Depictions of mental illness and mental health care in the media;
How-to guides for writers looking to increase their representations of non-neurotypical characters;
Meditative practice and mindfulness as tools for dealing with anxiety and depression etc.
Deadline: 31st January 2014
Word limit: up to 5,000 words (will consider works that run a little over) We invite all kinds of fiction, but have a particular interest in the speculative (for example, subversive genres like steampunk, cyberpunk and dragonpunk). Bonus points for anything that uses a fantastical setting to consciously reflect the truths of our world and societies.
Word limit: up to 5,000 words
Essays, polemics, interviews, memoirs and diaries, manifestos and biographies all welcome. We’re particularly interested in practical, ‘how-to’ style articles and guides, and have a bit of a soft spot for travelogues and travel journals.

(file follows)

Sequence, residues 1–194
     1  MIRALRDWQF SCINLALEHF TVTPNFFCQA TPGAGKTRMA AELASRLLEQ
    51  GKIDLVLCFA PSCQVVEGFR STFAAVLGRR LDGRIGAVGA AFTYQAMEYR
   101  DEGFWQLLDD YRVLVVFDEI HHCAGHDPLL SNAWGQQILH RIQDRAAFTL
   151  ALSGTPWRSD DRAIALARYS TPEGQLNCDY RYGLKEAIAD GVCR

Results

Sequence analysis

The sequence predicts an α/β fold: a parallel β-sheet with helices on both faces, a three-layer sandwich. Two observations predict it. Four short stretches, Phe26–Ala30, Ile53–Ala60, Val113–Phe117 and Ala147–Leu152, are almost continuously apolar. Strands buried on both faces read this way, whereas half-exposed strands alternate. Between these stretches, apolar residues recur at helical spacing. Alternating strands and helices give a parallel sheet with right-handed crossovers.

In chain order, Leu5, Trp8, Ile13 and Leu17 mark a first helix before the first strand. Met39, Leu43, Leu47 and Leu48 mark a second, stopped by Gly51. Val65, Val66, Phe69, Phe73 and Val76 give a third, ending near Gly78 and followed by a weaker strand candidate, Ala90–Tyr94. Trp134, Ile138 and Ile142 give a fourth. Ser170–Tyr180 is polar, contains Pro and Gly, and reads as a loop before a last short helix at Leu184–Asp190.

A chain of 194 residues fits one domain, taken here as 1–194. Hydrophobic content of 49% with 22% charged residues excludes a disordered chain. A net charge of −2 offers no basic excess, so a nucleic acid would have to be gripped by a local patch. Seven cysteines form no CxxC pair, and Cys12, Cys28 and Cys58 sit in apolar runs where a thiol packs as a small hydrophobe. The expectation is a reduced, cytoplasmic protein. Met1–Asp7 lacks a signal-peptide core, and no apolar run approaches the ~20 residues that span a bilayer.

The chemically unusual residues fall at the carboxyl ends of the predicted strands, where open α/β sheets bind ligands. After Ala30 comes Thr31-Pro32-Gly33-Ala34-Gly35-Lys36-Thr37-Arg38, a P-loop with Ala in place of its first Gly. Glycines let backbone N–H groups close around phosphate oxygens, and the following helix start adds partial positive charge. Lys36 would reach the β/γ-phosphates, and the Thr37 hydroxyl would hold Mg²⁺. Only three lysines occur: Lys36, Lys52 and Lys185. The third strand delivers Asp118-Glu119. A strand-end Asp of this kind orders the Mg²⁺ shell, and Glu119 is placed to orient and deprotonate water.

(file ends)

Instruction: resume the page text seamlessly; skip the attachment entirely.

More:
Length: up to 100 lines
Poetry can rhyme, or not, as the author chooses. Our preferences lean towards lyrical and non-rhyming, but this is by no means a hard line. More than anything, we appreciate poetry that is beautiful in its darkness as well as its light.
Dimensions: 297mm x 210mm (A4)
Due to printing constraints we are only able to accept works in black-on-white, and are unable to consider greyscale pieces or photography. Pen-and-ink drawings, woodblock and linocut pieces are of particular interest. We’d also love to have artists involved who are interested in creating specific illustrations for the stories and articles in the ‘zine. If you’re interested in doing that, just send some samples of your work to the submissions email address below.
All submissions should be sent to:
vagrants [at] amongruins [dot] org